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Time scarcity and the market for news

We develop a theory of news coverage in environments of information abundance that include both new and traditional news media, from online and print newspapers to radio and television. News consumers are time-constrained and browse through news items that are available across competing outlets, choosing which outlets to access and which stories to read or skip. Media firms are aware of consumers’ preferences and constraints, and decide on rankings of news items that maximize their profits. We find that the news consumed in equilibrium is highly sensitive to the details of the environment. We show that even when readers and outlets are rational and unbiased and when markets are competitive, readers may consume more than they would like to, and the news items they consume may be significantly different from the ones they prefer. Important news items may be crowded out. Next, we derive implications on diverse aspects of current media, including a rationale for tabloid news, a rationale for why readers prefer like-minded news, as well as a theory of optimal advertisement placement in newscasts. We also analyze methods for restoring reader-efficient standards and discuss the political economy implications of the theory.

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File URL: http://www.econ.upf.edu/docs/papers/downloads/1348.pdf
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Paper provided by Department of Economics and Business, Universitat Pompeu Fabra in its series Economics Working Papers with number 1348.

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Date of creation: Dec 2012
Date of revision: Sep 2014
Handle: RePEc:upf:upfgen:1348
Contact details of provider: Web page: http://www.econ.upf.edu/

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  1. Ricardo Reis, 2004. "Inattentive Consumers," NBER Working Papers 10883, National Bureau of Economic Research, Inc.
  2. Fabrizio Germano & Martin Meier, 2011. "Concentration and Self-Censorship in Commercial Media," Working Papers 527, Barcelona Graduate School of Economics.
  3. Lisa George & Joel Waldfogel, 2003. "Who Affects Whom in Daily Newspaper Markets?," Journal of Political Economy, University of Chicago Press, vol. 111(4), pages 765-784, August.
  4. Lesley Chiou & Catherine Tucker, 2011. "How Does Content Aggregation Affect Users' Search for Information?," Working Papers 11-18, NET Institute, revised Oct 2011.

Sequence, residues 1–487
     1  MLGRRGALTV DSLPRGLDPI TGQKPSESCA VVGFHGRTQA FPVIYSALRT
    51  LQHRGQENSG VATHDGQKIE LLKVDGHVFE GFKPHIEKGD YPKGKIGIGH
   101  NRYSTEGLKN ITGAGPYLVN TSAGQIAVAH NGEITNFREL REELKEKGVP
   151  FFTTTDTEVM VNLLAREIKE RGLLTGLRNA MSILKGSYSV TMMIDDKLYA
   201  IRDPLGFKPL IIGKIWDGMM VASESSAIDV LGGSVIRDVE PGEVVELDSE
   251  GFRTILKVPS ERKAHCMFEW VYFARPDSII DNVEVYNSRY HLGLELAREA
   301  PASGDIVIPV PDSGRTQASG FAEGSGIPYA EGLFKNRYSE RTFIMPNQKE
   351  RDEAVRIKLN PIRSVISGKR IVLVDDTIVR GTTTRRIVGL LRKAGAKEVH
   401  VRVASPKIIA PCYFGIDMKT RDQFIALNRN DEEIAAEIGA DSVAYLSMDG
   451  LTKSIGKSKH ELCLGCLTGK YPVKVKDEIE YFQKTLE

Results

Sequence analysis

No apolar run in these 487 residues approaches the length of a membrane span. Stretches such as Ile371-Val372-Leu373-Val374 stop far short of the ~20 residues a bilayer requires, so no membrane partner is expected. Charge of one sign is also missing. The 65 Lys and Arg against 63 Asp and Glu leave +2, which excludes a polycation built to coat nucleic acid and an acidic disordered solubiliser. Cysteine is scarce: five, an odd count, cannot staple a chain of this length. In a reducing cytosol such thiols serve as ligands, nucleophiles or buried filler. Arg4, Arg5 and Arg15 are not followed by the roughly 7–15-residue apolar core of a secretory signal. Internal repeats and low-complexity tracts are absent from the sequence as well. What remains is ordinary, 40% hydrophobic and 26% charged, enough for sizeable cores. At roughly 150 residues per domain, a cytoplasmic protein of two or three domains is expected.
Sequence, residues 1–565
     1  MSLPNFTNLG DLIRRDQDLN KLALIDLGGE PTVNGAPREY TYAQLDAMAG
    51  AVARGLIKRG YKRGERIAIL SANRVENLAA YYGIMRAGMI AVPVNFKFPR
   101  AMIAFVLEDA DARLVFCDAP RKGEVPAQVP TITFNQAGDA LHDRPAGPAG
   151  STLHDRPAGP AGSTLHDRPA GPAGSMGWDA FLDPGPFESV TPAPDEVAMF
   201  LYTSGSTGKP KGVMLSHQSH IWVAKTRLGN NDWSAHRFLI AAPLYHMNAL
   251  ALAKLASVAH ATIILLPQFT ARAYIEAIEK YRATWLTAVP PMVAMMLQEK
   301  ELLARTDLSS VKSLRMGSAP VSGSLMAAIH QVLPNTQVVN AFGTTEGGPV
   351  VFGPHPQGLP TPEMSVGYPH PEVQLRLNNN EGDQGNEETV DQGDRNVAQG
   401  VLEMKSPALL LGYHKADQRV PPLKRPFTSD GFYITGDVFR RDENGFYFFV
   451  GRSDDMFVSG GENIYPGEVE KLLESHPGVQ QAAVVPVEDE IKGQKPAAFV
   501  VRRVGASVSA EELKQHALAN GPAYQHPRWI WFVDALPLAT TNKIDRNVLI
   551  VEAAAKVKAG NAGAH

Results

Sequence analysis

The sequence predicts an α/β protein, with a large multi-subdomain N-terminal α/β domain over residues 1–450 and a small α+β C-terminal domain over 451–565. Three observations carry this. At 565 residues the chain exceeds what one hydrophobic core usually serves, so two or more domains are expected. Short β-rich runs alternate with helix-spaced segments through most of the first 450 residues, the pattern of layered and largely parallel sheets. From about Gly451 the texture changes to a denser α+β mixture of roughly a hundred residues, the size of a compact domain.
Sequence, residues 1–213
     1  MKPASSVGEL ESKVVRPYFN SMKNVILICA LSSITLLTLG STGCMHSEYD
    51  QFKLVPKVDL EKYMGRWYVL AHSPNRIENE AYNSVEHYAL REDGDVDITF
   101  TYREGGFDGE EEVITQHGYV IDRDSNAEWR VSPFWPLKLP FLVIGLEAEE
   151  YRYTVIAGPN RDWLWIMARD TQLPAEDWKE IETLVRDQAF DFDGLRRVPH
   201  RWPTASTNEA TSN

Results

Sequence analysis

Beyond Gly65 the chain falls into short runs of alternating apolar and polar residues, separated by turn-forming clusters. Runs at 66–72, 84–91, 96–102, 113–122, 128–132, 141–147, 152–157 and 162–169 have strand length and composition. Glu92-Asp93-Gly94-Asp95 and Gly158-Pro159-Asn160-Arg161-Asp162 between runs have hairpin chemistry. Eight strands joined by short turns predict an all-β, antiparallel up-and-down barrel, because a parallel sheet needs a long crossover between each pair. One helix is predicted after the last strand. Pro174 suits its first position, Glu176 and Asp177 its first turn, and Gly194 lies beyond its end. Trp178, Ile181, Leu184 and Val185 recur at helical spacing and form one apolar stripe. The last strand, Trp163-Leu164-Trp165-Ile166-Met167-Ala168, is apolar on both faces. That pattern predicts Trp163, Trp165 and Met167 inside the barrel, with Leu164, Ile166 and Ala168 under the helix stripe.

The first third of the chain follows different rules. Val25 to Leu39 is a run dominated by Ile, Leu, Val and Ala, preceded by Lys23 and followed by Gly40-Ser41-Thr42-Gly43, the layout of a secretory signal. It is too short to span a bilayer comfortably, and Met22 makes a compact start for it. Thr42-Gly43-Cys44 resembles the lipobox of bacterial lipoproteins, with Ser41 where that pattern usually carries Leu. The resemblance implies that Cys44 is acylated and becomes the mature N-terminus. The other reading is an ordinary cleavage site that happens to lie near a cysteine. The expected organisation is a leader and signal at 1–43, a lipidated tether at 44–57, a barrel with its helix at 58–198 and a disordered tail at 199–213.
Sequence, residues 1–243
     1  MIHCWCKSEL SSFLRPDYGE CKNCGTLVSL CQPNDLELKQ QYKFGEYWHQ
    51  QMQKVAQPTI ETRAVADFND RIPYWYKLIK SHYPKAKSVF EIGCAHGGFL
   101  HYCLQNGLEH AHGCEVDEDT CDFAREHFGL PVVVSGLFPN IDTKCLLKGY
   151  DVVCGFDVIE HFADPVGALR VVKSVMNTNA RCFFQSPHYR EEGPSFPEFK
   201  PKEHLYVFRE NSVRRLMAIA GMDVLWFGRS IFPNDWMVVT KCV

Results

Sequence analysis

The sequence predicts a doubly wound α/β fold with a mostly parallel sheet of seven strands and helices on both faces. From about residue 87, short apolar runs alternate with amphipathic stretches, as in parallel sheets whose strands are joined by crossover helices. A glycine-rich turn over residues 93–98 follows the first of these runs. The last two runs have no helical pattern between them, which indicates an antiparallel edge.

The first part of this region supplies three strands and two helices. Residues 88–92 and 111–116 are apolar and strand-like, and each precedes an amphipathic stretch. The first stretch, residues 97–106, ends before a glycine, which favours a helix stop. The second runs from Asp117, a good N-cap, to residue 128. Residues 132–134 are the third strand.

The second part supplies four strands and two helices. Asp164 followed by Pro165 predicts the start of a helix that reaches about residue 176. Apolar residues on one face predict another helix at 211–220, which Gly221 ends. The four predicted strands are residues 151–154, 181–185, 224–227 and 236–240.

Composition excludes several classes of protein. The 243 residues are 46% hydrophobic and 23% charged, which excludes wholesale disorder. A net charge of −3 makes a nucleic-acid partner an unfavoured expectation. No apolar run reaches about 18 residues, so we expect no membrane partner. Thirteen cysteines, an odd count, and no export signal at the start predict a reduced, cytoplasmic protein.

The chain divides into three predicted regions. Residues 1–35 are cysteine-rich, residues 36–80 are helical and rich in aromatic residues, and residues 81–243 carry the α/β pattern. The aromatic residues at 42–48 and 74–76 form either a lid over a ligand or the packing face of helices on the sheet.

5. Greg Taylor, 2013. "Search Quality and Revenue Cannibalization by Competing Search Engines," Journal of Economics & Management Strategy, Wiley Blackwell, vol. 22(3), pages 445-467, 09.
  6. Anderson, Simon P & de Palma, André, 2009. "Competition for attention in the information (overload) age," CEPR Discussion Papers 7286, C.E.P.R. Discussion Papers.
  7. White, Alexander, 2013. "Search engines: Left side quality versus right side profits," International Journal of Industrial Organization, Elsevier, vol. 31(6), pages 690-701.
  8. Timothy Van Zandt, 2004. "Information Overload in a Network of Targeted Communication," RAND Journal of Economics, The RAND Corporation, vol. 35(3), pages 542-560, Autumn.
  9. Jonathan D. Levin, 2011. "The Economics of Internet Markets," NBER Working Papers 16852, National Bureau of Economic Research, Inc.
  10. Susan Athey & Emilio Calvano & Joshua S. Gans, 2014. "The Impact of the Internet on Advertising Markets for News Media," CSEF Working Papers 379, Centre for Studies in Economics and Finance (CSEF), University of Naples, Italy.
  11. Mark Armstrong & John Vickers & Jidong Zhou, 2009. "Prominence and consumer search," RAND Journal of Economics, RAND Corporation, vol. 40(2), pages 209-233.
  12. Chrysanthos Dellarocas & Zsolt Katona & William Rand, 2010. "Media, Aggregators and the Link Economy: Strategic Hyperlink Formation in Content Networks," Working Papers 10-13, NET Institute.
  13. Matthew Ellman & Fabrizio Germano, 2009. "What do the Papers Sell? A Model of Advertising and Media Bias," Economic Journal, Royal Economic Society, vol. 119(537), pages 680-704, 04.
  14. Matthew Gentzkow & Jesse M. Shapiro, 2008. "Competition and Truth in the Market for News," Journal of Economic Perspectives, American Economic Association, vol. 22(2), pages 133-154, Spring.
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